Neighborhood Beef is owned and operated by Buck and Chelsea Matthews. Together with their three cowkids, they take pride in raising, buying, and, most importantly, finishing premium beef. Neighborhood Beef is known for having excellent marbling and consistent flavor. Buck and Chelsea’s mission is to make premium beef available at prices everyone can afford.
Neighborhood Beef is grass-raised and grain-finished for excellent marbling and consistently delicious flavor.
Nella Mae’s Farm is a beautiful wooded farm at the base of Mt. Fanny in Cove, Oregon. The farm is on the Native lands of the Cayuse, Umatilla & Walla Walla past and present and honor with gratitude the land itself and its people.
Our Farm: We grow produce both outside and in large hoop houses, which allows us to extend our season. We focus primarily on salad mix and a variety of vegetables throughout the season and offer grass-finished beef in the fall.
The farm is open to visitors when the gates are open. Find us at the second driveway on the left coming up (east) Antles Lane in Cove. We are lucky to be surrounded by wonderful neighbors, so wave when you go by!
Our Mission: To practice fair, clean, just agriculture that enhances the well-being of our land, our family and friends, fellow farmers, and our community long, long into the future.
Our Values: Joy, community, stewardship, solidarity, generosity, and long-term financial, social, and environmental sustainability and justice.
Our Practices: We use natural practices to grow healthy food for our family and yours. We do not use toxic sprays or fertilizers on our produce. Our work is done by hand and with small machines. We build our soil and increase our production through science-based, holistic practices and lots of advice from old timers, hippies, and other practitioners of agriculture. We are low-till working towards being no-till farm.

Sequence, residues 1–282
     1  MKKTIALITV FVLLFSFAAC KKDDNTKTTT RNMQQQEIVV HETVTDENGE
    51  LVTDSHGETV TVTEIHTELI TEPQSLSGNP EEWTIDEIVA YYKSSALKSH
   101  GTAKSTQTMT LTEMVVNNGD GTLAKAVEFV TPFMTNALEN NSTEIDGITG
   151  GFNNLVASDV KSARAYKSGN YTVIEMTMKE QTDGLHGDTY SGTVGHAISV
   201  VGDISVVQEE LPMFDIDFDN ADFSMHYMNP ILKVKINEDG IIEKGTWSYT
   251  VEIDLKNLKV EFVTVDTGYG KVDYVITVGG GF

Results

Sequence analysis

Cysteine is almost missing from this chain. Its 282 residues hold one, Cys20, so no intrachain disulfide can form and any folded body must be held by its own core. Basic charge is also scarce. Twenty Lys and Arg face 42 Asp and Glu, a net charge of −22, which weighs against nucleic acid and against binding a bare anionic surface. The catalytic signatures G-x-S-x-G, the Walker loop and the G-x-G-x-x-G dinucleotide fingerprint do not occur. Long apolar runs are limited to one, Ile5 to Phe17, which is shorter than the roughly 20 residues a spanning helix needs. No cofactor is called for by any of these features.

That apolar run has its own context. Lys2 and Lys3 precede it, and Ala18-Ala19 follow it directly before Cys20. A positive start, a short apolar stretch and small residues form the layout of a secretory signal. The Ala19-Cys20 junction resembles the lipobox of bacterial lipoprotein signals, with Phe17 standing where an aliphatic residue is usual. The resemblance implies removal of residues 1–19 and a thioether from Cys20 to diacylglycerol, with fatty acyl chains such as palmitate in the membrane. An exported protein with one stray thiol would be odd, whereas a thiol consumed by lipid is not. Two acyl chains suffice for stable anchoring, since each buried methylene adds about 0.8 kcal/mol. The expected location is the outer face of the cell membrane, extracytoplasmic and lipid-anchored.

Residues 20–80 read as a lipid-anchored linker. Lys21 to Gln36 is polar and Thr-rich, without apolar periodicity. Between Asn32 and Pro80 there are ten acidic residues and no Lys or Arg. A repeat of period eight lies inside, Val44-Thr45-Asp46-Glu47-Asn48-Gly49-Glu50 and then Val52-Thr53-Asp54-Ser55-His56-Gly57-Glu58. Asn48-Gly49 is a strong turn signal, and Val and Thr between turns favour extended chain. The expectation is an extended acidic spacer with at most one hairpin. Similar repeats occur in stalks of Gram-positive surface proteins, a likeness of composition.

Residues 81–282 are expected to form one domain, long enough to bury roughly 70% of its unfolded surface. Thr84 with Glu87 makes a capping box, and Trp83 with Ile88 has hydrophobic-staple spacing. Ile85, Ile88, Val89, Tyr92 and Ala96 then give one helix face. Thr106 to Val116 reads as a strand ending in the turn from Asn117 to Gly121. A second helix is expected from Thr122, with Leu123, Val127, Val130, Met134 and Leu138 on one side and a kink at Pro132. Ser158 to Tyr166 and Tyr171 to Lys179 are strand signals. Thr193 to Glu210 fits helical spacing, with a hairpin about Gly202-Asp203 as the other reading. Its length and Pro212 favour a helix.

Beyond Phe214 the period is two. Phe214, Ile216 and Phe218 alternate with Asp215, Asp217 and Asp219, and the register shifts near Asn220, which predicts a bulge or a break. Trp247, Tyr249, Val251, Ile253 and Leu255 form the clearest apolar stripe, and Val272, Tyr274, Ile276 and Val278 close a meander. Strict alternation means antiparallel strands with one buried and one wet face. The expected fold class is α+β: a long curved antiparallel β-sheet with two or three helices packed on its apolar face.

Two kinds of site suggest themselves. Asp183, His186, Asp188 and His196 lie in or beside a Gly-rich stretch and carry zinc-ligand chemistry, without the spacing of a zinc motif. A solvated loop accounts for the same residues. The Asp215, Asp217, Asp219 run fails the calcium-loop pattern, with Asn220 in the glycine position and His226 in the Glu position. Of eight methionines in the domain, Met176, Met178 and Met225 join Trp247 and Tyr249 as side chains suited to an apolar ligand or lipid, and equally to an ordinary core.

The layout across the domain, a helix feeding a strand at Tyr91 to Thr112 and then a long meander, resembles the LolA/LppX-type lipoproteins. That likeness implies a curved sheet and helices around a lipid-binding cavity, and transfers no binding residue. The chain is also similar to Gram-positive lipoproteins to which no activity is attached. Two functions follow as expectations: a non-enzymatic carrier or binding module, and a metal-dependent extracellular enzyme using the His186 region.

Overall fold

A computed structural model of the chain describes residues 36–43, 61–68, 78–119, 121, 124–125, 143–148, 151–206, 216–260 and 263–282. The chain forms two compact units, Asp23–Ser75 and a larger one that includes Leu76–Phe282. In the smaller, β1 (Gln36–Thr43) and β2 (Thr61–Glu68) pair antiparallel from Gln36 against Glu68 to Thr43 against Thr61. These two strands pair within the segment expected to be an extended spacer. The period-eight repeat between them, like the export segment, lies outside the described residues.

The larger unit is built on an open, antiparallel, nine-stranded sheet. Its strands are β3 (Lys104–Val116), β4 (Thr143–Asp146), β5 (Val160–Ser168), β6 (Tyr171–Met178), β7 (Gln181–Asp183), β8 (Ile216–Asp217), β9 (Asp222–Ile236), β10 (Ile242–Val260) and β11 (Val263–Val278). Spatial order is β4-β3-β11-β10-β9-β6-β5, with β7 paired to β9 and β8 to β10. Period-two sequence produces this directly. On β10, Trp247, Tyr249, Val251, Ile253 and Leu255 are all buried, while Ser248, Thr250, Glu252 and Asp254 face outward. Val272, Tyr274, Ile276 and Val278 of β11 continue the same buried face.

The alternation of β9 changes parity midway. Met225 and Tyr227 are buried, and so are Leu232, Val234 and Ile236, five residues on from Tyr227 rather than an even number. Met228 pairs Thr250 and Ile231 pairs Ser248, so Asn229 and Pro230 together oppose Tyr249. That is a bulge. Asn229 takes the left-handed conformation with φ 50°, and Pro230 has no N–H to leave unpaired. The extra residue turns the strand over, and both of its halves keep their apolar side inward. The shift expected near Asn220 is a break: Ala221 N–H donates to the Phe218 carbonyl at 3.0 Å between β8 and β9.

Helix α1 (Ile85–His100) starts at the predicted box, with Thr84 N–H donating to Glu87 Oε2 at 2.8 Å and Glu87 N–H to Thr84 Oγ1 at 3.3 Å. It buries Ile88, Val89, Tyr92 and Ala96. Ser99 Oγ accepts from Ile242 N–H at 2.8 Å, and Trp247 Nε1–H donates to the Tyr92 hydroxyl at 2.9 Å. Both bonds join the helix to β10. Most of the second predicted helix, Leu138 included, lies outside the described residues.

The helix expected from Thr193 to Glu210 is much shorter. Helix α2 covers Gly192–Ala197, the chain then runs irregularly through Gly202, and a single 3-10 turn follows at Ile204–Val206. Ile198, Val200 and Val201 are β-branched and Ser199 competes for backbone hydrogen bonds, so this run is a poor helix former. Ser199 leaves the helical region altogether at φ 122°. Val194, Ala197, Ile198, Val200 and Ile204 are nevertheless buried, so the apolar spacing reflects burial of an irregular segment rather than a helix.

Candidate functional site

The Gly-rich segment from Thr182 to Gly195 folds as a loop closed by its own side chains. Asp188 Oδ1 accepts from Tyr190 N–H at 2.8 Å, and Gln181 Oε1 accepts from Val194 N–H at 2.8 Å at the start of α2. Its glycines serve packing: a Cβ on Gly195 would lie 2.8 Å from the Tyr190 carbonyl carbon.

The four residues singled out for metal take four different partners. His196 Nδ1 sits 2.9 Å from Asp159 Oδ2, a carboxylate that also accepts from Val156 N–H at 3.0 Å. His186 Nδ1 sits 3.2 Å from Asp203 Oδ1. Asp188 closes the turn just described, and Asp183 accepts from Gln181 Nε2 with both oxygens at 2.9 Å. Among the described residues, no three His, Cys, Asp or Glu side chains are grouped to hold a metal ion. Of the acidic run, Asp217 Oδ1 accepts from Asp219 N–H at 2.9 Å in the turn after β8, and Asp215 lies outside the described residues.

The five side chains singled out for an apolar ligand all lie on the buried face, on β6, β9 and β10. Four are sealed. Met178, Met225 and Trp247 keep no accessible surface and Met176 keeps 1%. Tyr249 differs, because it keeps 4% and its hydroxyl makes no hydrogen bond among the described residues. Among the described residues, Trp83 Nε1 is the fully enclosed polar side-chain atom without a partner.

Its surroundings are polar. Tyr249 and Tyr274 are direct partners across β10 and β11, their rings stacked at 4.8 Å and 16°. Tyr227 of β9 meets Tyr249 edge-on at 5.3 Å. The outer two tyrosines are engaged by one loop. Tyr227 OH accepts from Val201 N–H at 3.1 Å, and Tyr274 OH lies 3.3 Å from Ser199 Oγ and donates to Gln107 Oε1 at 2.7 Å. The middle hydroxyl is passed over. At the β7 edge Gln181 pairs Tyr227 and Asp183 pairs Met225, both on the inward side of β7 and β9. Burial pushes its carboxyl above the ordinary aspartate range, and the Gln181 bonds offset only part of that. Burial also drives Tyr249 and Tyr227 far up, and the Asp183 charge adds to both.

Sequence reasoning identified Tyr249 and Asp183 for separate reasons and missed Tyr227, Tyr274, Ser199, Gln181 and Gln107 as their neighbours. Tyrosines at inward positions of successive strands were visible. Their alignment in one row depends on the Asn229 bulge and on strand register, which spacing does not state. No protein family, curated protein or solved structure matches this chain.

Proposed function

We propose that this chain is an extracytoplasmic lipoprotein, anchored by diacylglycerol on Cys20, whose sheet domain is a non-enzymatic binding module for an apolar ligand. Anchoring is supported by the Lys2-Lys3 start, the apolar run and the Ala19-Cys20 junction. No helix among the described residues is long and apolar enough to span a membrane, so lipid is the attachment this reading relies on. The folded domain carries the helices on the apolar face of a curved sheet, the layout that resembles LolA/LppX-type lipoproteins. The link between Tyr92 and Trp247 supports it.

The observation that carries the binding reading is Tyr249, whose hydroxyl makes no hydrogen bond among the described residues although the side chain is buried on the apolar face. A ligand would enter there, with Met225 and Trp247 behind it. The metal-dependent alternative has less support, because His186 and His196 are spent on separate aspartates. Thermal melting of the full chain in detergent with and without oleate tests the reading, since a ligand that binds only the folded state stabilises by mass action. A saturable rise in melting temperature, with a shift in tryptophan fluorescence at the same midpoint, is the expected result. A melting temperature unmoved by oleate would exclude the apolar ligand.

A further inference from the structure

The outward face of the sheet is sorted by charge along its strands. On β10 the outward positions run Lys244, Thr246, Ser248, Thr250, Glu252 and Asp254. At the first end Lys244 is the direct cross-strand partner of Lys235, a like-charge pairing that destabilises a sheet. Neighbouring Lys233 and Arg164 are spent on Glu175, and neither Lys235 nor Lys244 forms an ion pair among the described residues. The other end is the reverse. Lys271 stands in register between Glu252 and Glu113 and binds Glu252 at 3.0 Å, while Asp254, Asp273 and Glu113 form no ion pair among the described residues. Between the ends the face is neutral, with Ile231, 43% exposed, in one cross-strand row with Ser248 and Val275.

Our History & People: Nella Mae Parks was raised on a small family farm in Union County, Oregon. She grew up gardening, making hay, and raising animals with her parents. She spent nine years in the local 4-H program and went on to earn a degree in Environmental Science from Oregon State University. She traveled, worked in natural resource science & rural community organizing, and became involved in local agriculture and local food through her work at Oregon Rural Action in La Grande. In 2013 she decided to devote her time to connecting people to the local food she and others grow in the region.
Nella Mae loves the creativity of farming and being connected to the land every day. The most meaningful parts of farming for Nella Mae are feeding & employing people, connecting the community, sharing her knowledge, and helping new and beginning farmers.
Nella Mae is joined on the farm by her husband Michael Hatch and daughter Chloe Jane. Hatch is the Outdoor Program Director at Eastern Oregon University in La Grande as well as an excellent weeder, logger, friend, and cheerleader. Chloe Jane has her own flower business and helps out with all aspects of the farm from digging holes to giving signature “scallion haircuts” (trimming the roots) on harvest days. You will see both Hatch & Chloe Jane at the La Grande Farmers Market with Nella Mae on Saturdays.
Nella Mae first sold produce at the La Grande Farmers’ Market at age ten with the help and tutelage of her parents Bruce & Catherine who continue to help her farm today. Family and friends are integral in the farm’s operation as well as its growth and sustainability.
Nik & Snickers Produce is named after Kay and Brion Buismann's dog and cat, respectively. They all live on the upper Imnaha River, more than an hour from Joseph. They use "no-spray" practices.
Nikki Beachy grew up in rural Colorado at the Wyoming line. As a young adult, she lived and studied anthropology and local languages in Tibet, where she met her husband, Mike. Nikki is a multi-media artist who interprets natural landscapes, textures, and patterns. She loves using natural inks. In addition to painting, Nikki enjoys hiking long-distance trails, fishing, working outside, skiing, and being with friends at potlucks at Wallowa Lake.